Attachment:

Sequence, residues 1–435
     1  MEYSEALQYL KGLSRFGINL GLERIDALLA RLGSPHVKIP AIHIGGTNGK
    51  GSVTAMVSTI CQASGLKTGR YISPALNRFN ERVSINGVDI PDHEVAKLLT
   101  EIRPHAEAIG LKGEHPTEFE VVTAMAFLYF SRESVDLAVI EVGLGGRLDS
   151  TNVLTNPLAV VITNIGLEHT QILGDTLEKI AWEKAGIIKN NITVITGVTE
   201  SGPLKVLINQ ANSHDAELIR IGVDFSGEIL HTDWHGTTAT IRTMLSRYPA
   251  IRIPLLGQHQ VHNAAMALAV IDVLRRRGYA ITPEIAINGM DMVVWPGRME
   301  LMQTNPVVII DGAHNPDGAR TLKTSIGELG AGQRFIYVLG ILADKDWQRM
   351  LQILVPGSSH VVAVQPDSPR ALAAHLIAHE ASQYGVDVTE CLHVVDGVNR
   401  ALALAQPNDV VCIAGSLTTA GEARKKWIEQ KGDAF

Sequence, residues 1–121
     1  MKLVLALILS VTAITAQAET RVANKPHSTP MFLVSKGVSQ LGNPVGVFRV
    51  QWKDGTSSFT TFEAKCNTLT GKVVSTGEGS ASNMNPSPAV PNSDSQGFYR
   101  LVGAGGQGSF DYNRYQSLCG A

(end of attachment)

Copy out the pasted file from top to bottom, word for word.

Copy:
Sequence, residues 1–435
     1  MEYSEALQYL KGLSRFGINL GLERIDALLA RLGSPHVKIP AIHIGGTNGK
    51  GSVTAMVSTI CQASGLKTGR YISPALNRFN ERVSINGVDI PDHEVAKLLT
   101  EIRPHAEAIG LKGEHPTEFE VVTAMAFLYF SRESVDLAVI EVGLGGRLDS
   151  TNVLTNPLAV VITNIGLEHT QILGDTLEKI AWEKAGIIKN NITVITGVTE
   201  SGPLKVLINQ ANSHDAELIR IGVDFSGEIL HTDWHGTTAT IRTMLSRYPA
   251  IRIPLLGQHQ VHNAAMALAV IDVLRRRGYA ITPEIAINGM DMVVWPGRME
   301  LMQTNPVVII DGAHNPDGAR TLKTSIGELG AGQRFIYVLG ILADKDWQRM
   351  LQILVPGSSH VVAVQPDSPR ALAAHLIAHE ASQYGVDVTE CLHVVDGVNR
   401  ALALAQPNDV VCIAGSLTTA GEARKKWIEQ KGDAF

Sequence, residues 1–121
     1  MKLVLALILS VTAITAQAET RVANKPHSTP MFLVSKGVSQ LGNPVGVFRV
    51  QWKDGTSSFT TFEAKCNTLT GKVVSTGEGS ASNMNPSPAV PNSDSQGFYR
   101  LVGAGGQGSF DYNRYQSLCG A